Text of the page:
The Myrtle Beach Downtown Redevelopment Corp. has found itself in a budget situation few have faced in recent years: Having extra money to spend.
As other groups scramble to make ends meet, the redevelopment group has an extra $383,000 this budget year, thanks to better-than-anticipated revenues from parking downtown.
Parking brought in more than expected because the new boardwalk, more tourism promotion by the Myrtle Beach Area Chamber of Commerce and pent-up demand for vacations lured more visitors downtown, said Dave Sebok, executive director of the Downtown Redevelopment Corp.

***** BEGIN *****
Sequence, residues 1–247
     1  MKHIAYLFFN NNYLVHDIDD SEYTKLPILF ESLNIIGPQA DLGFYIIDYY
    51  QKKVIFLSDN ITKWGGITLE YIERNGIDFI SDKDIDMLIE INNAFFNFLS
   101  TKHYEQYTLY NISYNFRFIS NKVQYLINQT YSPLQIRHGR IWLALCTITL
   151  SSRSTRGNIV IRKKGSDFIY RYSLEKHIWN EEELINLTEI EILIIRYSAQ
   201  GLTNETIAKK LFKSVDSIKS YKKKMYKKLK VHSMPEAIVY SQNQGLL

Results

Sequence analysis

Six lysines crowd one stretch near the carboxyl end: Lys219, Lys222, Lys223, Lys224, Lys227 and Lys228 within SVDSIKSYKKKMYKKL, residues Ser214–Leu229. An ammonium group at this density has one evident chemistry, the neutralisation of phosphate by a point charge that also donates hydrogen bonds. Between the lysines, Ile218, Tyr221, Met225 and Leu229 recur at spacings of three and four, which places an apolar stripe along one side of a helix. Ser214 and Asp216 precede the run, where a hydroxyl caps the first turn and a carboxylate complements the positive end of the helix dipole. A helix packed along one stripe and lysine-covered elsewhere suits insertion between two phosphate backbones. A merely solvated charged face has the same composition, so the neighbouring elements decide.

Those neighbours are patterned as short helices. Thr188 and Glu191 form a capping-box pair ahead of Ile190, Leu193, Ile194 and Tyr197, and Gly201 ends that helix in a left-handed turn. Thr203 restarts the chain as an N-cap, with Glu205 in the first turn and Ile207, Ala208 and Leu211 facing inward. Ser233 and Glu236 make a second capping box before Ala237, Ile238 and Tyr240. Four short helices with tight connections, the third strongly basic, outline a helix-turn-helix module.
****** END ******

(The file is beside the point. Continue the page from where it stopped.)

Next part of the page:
Most visitors to downtown Myrtle Beach have to pay to park, whether it’s at a meter or in lots run by the city or privately-owned companies.
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The group could decide during its annual retreat Wednesday how to spend that extra money. Officials have outlined 16 options, including building crosswalks, adding more bathrooms, replacing old trees, installing cameras on the boardwalk, putting up holiday decorations on the boardwalk, obtaining more parking and selling boardwalk logo merchandise. The group also could come up with other ideas.
The group meets at 8 a.m. at the Marina Inn at Grande Dunes.